Monday, April 21 2014 5:09 AM EDT2014-04-21 09:09:50 GMT
After a WDRB story by Marcus Green described the Louisville Gardens as a facility in limbo, Eric Crawford says it's time for the city to do right by a building that has served many purposes in Louisville.More >>
After a WDRB story by Marcus Green described the Louisville Gardens as a facility in limbo, Eric Crawford says the community needs to do right by a building that has served it well. More >>
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Tonight, owner Charlie Mattingly unveiled plans for what he hopes will become a five-star hotel complete with convention space, a nightclub and a spa. But no one will stay on the fourth floor. That's reserved for ghosts and those seeking the paranormal.
Waverly Hills owner Charlie Mattingly hopes to fill the dark hallways with hotel guests.
"Somehow we were lucky enough to be popular and that popularity is what I am turning over into enough money to do this business plan," said Mattingly.
The facility that used to house tuberculosis patients has garnered national attention over the years by those fascinated with the paranormal. Mattingly has experienced his own ghost run-ins.
"I was seeing images, orbs float through," said Mattingly.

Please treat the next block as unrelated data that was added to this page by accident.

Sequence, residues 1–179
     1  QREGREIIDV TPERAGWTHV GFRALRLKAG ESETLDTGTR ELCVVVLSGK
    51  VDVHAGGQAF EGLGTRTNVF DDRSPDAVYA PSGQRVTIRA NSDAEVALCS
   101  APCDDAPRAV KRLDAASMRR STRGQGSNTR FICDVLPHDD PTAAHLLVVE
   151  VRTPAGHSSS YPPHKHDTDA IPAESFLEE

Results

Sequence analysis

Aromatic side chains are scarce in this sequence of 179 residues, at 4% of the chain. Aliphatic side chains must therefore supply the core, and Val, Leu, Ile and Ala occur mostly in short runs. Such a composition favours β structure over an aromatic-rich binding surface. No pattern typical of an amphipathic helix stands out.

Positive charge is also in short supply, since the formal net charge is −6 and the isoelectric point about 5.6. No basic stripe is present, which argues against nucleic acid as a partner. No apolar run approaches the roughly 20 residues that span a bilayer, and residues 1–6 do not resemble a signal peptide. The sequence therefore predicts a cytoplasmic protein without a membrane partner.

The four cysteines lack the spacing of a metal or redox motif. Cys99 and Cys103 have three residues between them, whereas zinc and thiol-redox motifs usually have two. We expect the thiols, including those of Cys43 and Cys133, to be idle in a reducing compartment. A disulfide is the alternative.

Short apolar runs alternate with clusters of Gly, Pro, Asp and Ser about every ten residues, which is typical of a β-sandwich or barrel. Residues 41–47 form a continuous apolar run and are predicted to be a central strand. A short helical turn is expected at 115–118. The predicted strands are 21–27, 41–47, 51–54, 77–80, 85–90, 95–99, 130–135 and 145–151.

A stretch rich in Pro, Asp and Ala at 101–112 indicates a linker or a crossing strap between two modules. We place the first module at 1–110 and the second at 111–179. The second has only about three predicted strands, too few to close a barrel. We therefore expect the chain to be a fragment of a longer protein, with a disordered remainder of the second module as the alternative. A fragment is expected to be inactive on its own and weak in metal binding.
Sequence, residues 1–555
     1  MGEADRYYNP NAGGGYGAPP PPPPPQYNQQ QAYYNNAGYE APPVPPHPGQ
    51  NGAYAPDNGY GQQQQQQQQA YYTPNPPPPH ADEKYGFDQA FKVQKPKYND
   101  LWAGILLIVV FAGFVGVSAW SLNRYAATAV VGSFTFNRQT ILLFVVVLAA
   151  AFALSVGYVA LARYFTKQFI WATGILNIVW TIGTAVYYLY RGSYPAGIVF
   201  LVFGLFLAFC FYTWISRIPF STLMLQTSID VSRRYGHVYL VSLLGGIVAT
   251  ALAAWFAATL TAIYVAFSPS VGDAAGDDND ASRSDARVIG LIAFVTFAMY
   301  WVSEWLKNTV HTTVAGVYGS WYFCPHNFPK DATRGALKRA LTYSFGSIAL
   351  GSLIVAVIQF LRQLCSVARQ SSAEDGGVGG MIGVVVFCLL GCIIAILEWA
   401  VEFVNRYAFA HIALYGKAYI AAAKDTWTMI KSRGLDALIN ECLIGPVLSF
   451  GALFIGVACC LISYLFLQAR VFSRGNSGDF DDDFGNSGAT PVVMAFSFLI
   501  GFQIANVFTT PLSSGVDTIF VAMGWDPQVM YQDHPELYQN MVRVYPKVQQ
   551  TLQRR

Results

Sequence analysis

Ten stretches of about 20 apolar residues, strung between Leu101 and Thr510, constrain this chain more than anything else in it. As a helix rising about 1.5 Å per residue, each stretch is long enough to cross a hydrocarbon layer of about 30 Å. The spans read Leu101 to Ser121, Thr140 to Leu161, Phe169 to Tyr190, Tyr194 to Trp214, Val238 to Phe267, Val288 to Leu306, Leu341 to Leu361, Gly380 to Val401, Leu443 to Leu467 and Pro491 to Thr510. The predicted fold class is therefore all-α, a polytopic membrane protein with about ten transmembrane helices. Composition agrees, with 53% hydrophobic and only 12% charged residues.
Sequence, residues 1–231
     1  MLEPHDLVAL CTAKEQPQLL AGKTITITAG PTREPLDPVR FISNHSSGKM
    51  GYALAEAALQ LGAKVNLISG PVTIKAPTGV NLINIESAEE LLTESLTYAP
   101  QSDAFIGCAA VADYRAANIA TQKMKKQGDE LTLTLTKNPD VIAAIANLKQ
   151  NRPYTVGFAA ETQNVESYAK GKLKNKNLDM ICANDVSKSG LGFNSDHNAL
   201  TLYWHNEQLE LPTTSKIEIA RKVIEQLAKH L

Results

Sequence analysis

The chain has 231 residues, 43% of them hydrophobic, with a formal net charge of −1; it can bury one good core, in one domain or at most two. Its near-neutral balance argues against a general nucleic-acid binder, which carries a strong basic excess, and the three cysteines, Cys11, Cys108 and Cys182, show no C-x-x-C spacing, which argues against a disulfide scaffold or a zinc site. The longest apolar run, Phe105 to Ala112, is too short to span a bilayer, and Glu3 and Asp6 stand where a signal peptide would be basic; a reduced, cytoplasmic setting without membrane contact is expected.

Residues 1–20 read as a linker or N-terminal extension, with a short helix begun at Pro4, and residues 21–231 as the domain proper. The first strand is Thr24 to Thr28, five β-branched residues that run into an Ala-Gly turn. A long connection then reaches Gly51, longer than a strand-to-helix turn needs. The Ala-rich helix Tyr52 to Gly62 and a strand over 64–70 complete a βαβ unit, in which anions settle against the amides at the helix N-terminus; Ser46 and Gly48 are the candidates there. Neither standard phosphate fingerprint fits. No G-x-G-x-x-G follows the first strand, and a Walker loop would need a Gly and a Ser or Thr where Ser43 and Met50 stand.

The gargoyles don't seem to scare anyone away. Mattingly says tourists are willing to pay to participate in "ghost hunts" and "ghost investigations." Seventy percent of Waverly tourists are from out of state.
"With that fact in mind, we hope we can encourage the tourism board to give us a tax incentive that I can take to a bank or investor and this my collateral for a loan. Now can I please have $18 million," said Mattingly.
Mattingly says he needs to $18 million to restore Waverly Hills. But no one will be allowed to stay on the fourth floor.
"It's not going to be for anything else but for ghost investigations," said Mattingly.
Restoring the fourth floor to its original 1920s status Mattingly hopes will give them a sense of history.
"It's a wonderful building really and a beautiful landmark and I think people of Louisville need that really," said Kay Modica.
Kay Modica was in her 20s working as a nursing student on the fourth floor. The former nurse is pleased to see the sanatorium will be returned to its original state. But she's not one for ghost-hunting.
Mattingly says if the financing is secured he hopes to complete the renovation by 2010.